There are certainly some drawbacks to it - one is that a lot of writers try to use pop culture to show how hip they are or to connect a reader to the main character (as in, "the narrator will like Lady Antelbellum, so readers can say 'I like them, too! She's just like me!") This is not the best way to get a reader emotionally involved, and it' s likely to backfire - readers who DON'T like Lady Antebellum might take an instant dislike to the character, and the book, and the author. You have to do a delicate balancing act to keep from alienating people. That's part of why Adam picked Leonard Cohen and Cole Porter to be Alley's obsessions - most readers probably wouldn't have a strong opinion on them one way or the other, and those who did would probably be the people who liked them.
However, to have a teenage narrator who somehow exists in a world untouched by pop culture strikes me as odd. Yes, having a character listen to the new Radiohead album (and calling it the new Radiohead album) will eventually be a red flag to readers that the book didn't take place just last week, but pop culture isn't the only thing that will do that.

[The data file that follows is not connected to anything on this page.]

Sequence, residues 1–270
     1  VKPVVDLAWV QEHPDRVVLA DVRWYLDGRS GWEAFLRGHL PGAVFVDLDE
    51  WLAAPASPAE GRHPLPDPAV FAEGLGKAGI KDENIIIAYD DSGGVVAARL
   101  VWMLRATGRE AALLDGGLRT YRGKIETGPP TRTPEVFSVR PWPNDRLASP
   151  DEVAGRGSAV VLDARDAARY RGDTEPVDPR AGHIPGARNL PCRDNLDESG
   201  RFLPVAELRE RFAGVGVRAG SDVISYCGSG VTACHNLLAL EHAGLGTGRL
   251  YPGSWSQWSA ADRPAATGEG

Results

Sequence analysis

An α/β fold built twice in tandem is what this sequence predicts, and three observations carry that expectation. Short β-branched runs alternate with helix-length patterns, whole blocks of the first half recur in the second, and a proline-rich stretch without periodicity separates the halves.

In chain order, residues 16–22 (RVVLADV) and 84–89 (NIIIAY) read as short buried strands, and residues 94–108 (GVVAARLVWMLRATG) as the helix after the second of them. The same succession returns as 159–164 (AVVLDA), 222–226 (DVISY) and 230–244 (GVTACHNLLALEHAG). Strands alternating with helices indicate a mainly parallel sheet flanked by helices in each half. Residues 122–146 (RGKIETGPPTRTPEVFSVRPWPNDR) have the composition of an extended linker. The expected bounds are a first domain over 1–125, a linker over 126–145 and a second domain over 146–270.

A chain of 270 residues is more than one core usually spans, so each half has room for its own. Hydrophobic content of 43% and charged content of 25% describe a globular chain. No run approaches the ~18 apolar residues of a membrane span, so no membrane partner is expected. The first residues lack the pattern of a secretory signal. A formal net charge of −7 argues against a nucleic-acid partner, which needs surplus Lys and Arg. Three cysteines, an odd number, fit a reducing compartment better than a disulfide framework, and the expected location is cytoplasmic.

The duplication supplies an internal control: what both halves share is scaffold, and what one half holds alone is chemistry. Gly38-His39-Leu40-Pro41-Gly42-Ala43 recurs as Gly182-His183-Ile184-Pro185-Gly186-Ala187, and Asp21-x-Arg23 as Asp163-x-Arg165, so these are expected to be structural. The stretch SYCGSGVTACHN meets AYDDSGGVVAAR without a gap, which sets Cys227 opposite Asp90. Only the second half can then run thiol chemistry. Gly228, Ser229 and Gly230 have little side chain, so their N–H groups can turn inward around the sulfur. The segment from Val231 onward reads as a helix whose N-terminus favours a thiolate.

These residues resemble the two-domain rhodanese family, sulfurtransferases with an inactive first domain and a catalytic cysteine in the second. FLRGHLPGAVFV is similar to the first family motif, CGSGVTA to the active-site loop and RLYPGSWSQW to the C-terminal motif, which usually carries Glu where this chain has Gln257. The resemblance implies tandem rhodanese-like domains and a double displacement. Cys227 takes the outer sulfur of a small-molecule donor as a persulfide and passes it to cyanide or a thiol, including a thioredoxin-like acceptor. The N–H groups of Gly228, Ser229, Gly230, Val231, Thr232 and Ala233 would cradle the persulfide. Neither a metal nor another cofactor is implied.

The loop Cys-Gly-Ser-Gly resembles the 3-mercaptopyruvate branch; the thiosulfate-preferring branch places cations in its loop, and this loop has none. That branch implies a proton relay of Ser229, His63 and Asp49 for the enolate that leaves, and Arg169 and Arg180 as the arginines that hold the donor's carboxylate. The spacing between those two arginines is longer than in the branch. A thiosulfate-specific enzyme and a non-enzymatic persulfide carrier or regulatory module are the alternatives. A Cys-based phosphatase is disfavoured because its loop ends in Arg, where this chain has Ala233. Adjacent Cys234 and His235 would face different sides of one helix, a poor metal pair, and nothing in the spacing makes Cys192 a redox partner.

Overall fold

There's a weird thing that goes on in YA these days where people fall all over themselves to make a book that won't date over time. But they all will, really. If you read a book from 15 years ago, no one has a cell phone. Most of them aren't online yet (and if they are, it's AOL or something). They flip channels and can't pause live TV. They have to watch TV for hours hoping to see a certain video. Fifteen years ago, that sort of thing seemed so central to teenage life that we couldn't imagine life without it. No one would have worried that it would date a book. But it did. Whether they mention pop culture or not, no book from 1995 really seems like it could take place in today's world. And, frankly, very few of them are still read much in the first place.
All books date. Every last one of them (except maybe historical books or books that take place in fantasy realms that exist outside our own). A great many classic novels seemed very contemporary when they were first released, but if you can still read and relate to Jane Austen now, it's because the themes of love, romance, desire, and all that jazz still resonate. All of the cultural references have just become part of the charm.